Vil’s Corner X-Clubs 35

Our X-Clubs readers may be interested in this issue of “Vil’s Corner” from the Hutt Club’s regular newsletter “Finesse”. Entries with answers to the final poser are welcome from members of other clubs and there will be a special prize for the perfect answer. Last month’s posers proved a bit of a challenge. Thanks to “Peter and Dale” who gave two very good, though not perfect, answers.. Well done, and thank you for your contribution. Here are my suggested answers to the questions:

1. Dealer West All Vul


Playing basic NZ Bridge Acol, how should the bidding go to arrive at the optimum contract?

This one should be easy. Surely West should open 2C and East respond with 2S. This is a positive response and guarantees at least five spades, and also at least ‘an ace and a king’. West can now ask for aces and then kings, say with ordinary Blackwood or even the old fashioned Gerber 4C. Three aces and one king in the East hand, so now count your certain tricks: Three spades, three hearts, four diamonds and two clubs. More tricks if East has the jack of spades (or even five small and they break no worse than 3-2) and one more almost certain in each red suit. Just count your tricks, that’s all that is necessary. If you can count to thirteen top tricks then bid 7NT. No, not 7S just in case that suit proves to be the only one breaking badly. This time the spade suit is infrangible with six certain tricks, and as it happened at the time, there were in fact SEVENTEEN tricks in No Trumps.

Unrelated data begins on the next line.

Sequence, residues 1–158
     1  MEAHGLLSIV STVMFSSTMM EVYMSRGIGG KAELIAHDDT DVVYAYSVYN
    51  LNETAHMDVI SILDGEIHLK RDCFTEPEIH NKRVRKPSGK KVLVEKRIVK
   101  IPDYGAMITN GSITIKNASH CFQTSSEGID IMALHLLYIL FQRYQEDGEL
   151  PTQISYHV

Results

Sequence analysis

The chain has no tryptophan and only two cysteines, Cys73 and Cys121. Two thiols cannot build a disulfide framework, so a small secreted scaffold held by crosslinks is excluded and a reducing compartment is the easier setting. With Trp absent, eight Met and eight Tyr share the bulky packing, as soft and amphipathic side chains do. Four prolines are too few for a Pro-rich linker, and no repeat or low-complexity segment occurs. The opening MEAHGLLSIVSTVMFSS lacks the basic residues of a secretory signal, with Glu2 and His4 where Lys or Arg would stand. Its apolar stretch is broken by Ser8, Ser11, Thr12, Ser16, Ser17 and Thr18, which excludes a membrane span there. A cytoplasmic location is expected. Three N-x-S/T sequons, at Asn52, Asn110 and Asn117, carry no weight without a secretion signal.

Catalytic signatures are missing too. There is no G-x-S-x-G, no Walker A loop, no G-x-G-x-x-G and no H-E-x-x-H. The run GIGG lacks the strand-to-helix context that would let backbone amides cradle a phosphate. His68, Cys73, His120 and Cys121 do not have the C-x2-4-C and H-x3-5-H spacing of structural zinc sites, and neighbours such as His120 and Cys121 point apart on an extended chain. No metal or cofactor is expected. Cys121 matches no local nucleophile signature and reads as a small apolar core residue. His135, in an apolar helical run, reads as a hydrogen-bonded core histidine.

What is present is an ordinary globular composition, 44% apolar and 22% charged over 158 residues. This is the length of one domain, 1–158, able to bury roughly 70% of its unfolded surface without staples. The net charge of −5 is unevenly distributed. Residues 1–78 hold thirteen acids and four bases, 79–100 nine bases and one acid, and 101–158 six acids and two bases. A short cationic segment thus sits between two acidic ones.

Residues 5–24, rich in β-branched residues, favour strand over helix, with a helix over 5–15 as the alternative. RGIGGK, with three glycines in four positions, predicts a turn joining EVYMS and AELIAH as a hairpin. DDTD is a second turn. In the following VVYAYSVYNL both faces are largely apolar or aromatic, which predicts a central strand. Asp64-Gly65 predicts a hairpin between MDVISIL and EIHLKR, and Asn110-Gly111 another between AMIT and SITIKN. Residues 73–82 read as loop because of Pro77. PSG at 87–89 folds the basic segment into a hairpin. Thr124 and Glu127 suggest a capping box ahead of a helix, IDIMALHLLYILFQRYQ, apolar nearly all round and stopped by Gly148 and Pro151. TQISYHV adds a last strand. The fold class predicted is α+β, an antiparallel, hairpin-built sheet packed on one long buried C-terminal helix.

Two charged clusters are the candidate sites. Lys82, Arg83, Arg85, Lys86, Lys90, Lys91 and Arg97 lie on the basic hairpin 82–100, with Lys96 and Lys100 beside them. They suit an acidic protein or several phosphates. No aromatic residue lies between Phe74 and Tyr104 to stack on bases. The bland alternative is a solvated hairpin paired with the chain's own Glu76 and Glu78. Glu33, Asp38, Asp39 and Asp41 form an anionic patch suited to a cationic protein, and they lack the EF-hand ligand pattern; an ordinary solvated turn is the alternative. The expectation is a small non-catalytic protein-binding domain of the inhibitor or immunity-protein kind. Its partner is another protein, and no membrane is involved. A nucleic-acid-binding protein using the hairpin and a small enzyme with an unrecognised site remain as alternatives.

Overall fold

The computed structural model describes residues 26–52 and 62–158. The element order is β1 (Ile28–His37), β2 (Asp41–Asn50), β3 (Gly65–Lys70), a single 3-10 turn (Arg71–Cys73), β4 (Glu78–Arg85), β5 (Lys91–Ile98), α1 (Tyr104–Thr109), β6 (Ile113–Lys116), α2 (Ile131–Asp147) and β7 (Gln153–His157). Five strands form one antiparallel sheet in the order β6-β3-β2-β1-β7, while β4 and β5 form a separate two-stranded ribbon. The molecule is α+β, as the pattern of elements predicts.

2. Dealer West EW Vul
West East


You are West and have arrived in 4H. You wish you and partner had bid this hand better (to 4S) but at least you can see that 4H is a better contract than 3NT. Against your 4H, North leads the jack of diamonds.

The instinctive answer from most of us would be: Play AKQ of diamonds and discard a club from dummy, then play AK of clubs and ruff a club. This is reasonable and would work whenever clubs break 3-3.Then if hearts also behave, the contract will be made. However the chances of two suits breaking 3-3 are slim, since the more likely break of six cards is 4-2. Ruffing a club seems to be necessary, but why not play off the top clubs before playing on diamonds. If the queen of clubs falls in two rounds, dummy’s jack is good if you haven’t dropped it under your own AK. Then, there may be other ways to make the contract, ones which I won’t go into. Always think about what could happen if....

Now for this month’s poser, which comes from recent Wednesday play. One East ended up in a very ambitious and quite frankly ridiculous 6NT but got lucky and received a spade lead from South but still failed to make the slam. There were twelve certain tricks to be made, in fact declarer could have made all thirteen give the generous spade lead from South.

These were the EW hands.
West East


How do you play to make all thirteen tricks in No Trumps when South leads the ten of spades and North follows with a low spade?

Give this one a go. It should be easy for anyone who has encountered a similar theme before, or even read a few articles or books on declarer play. Hint: South has the queen of hearts but you do have to make all thirteen tricks.

Answers can be sent to the club or

And a Merry Christmas and prosperous New Year to all readers. Wishing you better bridge and better results in 2023.